Your work can be innovative if you take either path described below, but the first choice will raise fewer reviewer eyebrows:
If you decide to forge ahead and challenge an existing paradigm, build a strong case for your ability and your reason for doing so.
If you're a new investigator going this route, expect reviewers to be skeptical. If reviewers feel they could not get the work done, they are unlikely to have confidence that you could either.
So far we've highlighted the significance and innovation of your research. In fact, reviewers consider five review criteria when judging applications—significance, innovation, approach, investigator, and environment.
Though the criteria do not add up mathematically to yield a score, reviewers do take them all into account. Here's an expanded formula that includes the review criteria:
impact = function (importance (significance, innovation), (likelihood (approach, investigator, environment))
impact = function (importance (significance, innovation), (likelihood (approach, investigator, environment))
To gauge the criteria, reviewers (particularly your assigned reviewers) get the most detailed information on significance, innovation and approach from the Research Strategy and read your Biosketches and Resources sections to gauge the investigator and environment criteria respectively.
But because other sections count too, it's best to think of your application as an integrated whole, and keep the review criteria in mind as you write all parts of the application.
For example, your citations and other references in your Approach should highlight your expertise and that of your colleagues. And as we noted above, be sure to point out the project's significance and to a lesser extent innovation in several places to meet the needs of the full reviewer audience.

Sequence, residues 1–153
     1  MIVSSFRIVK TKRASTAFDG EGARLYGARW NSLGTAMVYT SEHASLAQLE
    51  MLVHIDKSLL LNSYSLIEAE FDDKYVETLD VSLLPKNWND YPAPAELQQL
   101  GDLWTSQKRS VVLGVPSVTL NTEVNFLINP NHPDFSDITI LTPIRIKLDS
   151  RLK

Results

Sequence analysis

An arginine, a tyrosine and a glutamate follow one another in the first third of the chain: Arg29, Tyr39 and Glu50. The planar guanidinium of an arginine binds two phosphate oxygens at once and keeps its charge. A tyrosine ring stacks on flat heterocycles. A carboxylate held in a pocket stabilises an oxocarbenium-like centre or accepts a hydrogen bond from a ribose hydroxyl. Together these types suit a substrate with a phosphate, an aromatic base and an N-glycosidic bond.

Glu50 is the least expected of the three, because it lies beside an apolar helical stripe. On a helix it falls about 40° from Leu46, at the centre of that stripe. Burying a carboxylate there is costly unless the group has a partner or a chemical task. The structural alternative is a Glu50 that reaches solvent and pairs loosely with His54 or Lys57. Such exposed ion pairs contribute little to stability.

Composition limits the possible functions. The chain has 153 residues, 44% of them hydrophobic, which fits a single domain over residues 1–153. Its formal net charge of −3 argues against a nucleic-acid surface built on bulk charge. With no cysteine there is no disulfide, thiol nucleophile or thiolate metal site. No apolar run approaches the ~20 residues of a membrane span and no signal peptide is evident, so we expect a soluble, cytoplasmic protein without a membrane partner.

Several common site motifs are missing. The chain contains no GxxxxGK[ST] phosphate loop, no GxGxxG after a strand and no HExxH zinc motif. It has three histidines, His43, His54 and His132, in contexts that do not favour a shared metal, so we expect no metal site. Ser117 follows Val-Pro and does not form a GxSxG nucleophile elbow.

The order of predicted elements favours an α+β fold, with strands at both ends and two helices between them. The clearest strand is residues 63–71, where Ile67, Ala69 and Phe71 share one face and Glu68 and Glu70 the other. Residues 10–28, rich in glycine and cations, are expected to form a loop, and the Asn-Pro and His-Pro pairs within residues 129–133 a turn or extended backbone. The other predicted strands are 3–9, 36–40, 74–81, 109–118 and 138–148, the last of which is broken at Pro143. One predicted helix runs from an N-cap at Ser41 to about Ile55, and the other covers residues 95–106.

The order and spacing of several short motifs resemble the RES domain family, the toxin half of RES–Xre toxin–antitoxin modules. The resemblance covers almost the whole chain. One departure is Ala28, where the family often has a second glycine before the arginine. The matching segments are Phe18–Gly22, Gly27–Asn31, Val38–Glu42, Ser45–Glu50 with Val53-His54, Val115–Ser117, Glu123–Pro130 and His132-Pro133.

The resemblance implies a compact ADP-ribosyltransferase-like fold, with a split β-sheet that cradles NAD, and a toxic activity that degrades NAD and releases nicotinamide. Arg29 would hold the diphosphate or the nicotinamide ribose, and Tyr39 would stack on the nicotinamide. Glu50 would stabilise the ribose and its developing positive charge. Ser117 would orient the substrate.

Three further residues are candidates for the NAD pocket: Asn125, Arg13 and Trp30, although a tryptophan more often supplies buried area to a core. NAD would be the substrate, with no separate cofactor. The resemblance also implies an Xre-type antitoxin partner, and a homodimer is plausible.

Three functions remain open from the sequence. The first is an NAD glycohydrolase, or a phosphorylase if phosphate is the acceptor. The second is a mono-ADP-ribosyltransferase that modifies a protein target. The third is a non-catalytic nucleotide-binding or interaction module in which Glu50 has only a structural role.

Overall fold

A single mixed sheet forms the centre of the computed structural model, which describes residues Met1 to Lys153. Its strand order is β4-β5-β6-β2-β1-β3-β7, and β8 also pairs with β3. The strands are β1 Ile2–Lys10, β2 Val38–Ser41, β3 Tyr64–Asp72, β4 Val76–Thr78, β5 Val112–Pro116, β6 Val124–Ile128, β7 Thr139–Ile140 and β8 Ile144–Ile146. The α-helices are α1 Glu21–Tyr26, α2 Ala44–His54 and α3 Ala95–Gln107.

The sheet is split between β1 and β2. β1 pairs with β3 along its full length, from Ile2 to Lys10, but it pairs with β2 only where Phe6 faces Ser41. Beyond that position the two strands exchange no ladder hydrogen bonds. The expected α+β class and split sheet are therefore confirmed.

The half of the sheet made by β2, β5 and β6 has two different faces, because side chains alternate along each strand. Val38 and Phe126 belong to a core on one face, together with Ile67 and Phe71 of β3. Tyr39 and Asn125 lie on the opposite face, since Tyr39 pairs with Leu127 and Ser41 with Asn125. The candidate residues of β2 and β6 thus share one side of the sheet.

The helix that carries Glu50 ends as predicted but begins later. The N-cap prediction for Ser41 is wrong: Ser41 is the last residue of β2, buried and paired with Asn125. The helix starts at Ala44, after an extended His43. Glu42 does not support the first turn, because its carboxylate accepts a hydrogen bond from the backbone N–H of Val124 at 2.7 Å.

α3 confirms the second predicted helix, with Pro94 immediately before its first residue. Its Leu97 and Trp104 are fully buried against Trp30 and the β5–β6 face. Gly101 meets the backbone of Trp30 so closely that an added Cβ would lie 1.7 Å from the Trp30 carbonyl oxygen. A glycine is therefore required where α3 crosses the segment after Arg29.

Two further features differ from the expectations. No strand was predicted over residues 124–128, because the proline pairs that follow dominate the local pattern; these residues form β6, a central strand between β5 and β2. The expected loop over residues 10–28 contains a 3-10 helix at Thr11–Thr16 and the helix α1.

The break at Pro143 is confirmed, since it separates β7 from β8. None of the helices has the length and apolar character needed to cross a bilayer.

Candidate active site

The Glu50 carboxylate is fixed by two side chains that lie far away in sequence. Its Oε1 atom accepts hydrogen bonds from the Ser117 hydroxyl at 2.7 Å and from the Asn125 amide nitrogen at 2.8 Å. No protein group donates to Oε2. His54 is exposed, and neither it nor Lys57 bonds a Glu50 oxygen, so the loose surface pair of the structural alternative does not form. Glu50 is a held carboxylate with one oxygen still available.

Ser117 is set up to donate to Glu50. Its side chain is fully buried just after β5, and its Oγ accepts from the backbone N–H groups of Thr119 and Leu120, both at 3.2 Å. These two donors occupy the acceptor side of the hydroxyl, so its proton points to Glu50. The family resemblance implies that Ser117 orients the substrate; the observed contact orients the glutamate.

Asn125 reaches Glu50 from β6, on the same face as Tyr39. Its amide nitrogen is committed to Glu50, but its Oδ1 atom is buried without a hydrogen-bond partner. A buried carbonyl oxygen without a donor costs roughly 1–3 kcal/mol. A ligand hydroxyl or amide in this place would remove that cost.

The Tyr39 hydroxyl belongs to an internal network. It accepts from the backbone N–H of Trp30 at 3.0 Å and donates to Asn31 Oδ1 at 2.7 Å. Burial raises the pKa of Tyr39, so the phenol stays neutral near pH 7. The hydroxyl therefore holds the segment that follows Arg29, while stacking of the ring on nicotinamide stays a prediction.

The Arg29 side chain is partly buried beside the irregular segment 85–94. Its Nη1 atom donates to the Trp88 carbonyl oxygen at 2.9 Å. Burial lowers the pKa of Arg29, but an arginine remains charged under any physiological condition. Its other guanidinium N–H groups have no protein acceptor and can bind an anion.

What about the other half of our equation: the likelihood you can successfully pull off the research? We have already covered that topic in these earlier articles:
Use concepts to your advantage and get details about Council, the group that gives them a thumbs up or down.
Members of our advisory Council met last month. Big deal, you say?
It is when you consider that they approved our next batch of concepts—possible funding opportunities that can clue you in to NIAID's high-priority research areas.
On the greenlighted list this time: a consortia for AIDS vaccine research in nonhuman primates (DAIDS), targeting resistance in select gram-negative pathogens (DMID), and an allergen epitope validation resource (DAIT).
On Concepts: Potential Opportunities, you can see what else got approved. And continue reading here for a lowdown on using concepts to your advantage as well as more on our advisory Council, the group that gives them a thumbs up or down.
Get the Most Out of Concepts
Though there's no guarantee that concepts will become published initiatives—requests for applications, program announcements, or solicitations—they can still help you gauge the Institute's priorities and choose a topic for your application. With this inside information, you can:
Either way, applying in a high-priority area may give you a leg up on funding. For instance, NIAID is more likely to fund high-quality research in priority areas using R56-Bridge or selective pay awards for applications that score beyond the payline.
Stay in the Loop
To find approved concepts, check the Web a few weeks after each Council meeting—find a schedule under the "Learn About Council Meetings" header on our advisory Council portal.
To make life even easier, you can sign up for an Email Alert that will let you know when we've posted new concepts. Check the concepts category when you Subscribe to Email Alerts, or add that category to your existing subscription.